President Donald Trump's fellow Republicans rebuked him on Wednesday after his threat to shut down the U.S. government over funding for a border wall rattled markets and cast a shadow over congressional efforts to raise the country's debt ceiling and pass spending bills.
"I don't think anyone's interested in having a shutdown," the top Republican in Congress, House of Representatives Speaker Paul Ryan, told reporters on Wednesday in Hillsboro, Oregon, where he visited an Intel factory.
Ryan said building a wall along the country's border with Mexico to deter illegal immigration was necessary, but added that the government did not have to choose between border security and shuttering operations.
Trump in a speech on Tuesday evening threatened a shutdown if Congress does not agree to fund constructing the wall, a signature promise of his presidential campaign, which added a new complication to Republicans' months-long struggle to reach a budget deal.
After Mexico rejected a chief part of Trump's promise — that it would pay for the wall — the president said the United States would fund it initially and be repaid by its southern neighbor. Lawmakers, including many Republicans, have not made that funding a top priority, as some question if a wall is necessary.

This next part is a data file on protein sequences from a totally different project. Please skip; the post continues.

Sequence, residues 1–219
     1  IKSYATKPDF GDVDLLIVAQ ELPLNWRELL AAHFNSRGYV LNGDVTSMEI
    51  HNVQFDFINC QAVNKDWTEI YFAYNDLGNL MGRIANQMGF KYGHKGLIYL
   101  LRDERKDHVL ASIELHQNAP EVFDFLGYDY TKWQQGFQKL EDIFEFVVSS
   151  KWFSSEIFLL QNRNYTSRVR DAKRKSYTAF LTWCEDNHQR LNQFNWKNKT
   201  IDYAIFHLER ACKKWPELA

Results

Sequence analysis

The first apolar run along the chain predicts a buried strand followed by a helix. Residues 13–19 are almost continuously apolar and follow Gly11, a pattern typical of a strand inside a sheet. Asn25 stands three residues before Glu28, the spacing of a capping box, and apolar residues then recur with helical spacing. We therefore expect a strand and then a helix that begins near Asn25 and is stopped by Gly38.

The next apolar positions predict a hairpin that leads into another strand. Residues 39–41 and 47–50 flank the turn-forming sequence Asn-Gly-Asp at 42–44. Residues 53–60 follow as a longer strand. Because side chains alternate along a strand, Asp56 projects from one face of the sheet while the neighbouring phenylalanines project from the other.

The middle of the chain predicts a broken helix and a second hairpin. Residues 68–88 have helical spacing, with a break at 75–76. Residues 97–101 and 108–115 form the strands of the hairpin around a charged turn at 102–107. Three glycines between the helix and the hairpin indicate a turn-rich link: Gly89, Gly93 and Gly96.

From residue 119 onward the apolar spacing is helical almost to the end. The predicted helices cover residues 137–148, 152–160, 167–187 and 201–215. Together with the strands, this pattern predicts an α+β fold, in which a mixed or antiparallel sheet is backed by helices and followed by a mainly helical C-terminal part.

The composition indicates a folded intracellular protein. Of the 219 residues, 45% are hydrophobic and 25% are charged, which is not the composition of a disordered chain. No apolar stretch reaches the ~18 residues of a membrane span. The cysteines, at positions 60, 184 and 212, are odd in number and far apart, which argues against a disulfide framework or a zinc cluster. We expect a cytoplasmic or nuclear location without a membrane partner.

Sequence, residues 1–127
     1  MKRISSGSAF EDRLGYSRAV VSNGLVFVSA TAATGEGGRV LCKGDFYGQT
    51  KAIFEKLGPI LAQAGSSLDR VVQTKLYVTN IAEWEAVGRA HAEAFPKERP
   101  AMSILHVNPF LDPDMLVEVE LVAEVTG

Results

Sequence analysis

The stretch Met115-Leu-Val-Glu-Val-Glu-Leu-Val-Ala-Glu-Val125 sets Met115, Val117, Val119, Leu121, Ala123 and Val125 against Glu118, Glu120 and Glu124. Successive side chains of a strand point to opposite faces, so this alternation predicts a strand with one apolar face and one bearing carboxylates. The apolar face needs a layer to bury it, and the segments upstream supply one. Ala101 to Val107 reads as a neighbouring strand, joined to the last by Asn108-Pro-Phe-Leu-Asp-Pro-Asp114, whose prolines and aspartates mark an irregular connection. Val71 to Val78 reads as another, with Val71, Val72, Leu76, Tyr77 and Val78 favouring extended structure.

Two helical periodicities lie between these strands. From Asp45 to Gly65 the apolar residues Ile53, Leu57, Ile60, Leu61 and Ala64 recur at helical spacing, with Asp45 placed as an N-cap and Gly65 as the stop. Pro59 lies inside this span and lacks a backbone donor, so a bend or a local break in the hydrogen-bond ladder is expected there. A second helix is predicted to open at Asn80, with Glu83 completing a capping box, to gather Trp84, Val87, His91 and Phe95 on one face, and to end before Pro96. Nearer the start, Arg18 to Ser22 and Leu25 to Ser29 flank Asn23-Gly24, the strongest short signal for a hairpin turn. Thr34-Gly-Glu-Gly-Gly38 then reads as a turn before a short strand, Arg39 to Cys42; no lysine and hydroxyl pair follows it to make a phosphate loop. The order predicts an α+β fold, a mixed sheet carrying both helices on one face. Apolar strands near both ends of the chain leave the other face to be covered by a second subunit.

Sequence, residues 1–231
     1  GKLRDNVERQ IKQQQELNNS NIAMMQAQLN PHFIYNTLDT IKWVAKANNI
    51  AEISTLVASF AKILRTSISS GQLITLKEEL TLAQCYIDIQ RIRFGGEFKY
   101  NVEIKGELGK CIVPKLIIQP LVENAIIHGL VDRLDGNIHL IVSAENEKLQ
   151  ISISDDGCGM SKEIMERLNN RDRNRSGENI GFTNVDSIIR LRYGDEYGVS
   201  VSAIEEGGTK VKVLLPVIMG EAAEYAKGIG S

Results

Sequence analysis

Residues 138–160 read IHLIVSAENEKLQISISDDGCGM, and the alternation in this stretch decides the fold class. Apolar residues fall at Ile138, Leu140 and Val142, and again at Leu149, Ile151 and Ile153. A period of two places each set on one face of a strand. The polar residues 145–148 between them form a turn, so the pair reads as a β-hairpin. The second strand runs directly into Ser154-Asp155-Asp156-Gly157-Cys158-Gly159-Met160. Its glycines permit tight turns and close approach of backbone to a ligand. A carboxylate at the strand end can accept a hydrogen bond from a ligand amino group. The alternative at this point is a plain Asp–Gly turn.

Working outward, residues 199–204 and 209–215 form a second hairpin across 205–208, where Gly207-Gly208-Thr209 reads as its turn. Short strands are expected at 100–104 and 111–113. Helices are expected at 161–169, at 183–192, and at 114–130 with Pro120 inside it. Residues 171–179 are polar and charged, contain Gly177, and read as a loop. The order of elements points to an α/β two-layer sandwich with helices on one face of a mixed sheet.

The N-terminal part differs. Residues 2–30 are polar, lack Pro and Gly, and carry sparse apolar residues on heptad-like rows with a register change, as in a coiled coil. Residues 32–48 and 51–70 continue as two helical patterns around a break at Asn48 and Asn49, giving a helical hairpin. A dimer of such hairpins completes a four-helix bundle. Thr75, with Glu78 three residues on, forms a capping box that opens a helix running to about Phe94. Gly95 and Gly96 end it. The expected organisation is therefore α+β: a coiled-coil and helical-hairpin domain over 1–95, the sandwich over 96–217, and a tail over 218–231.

Congress will have about 12 working days when it returns on Sept. 5 from its summer break to approve spending measures to keep the government open, while also facing a looming deadline to raise the cap on the amount the government may borrow. Both are must-approve measures.
U.S. stocks and the dollar weakened and investors pivoted to the safety of U.S. Treasury securities on Wednesday after Trump's threat. The S&P 500 index closed about 0.3 percent lower, the Dow Jones Industrial Average was down by 0.4 percent and the Nasdaq Composite Index slid 0.3 percent.
Ryan suggested Congress would need to approve a short-term extension, or continuing resolution, of current funding levels so that the Senate could have more time to pass a full spending bill. That would push the budget battle to later in the year and could in turn delay attempts at tax reform, another signature Trump campaign issue.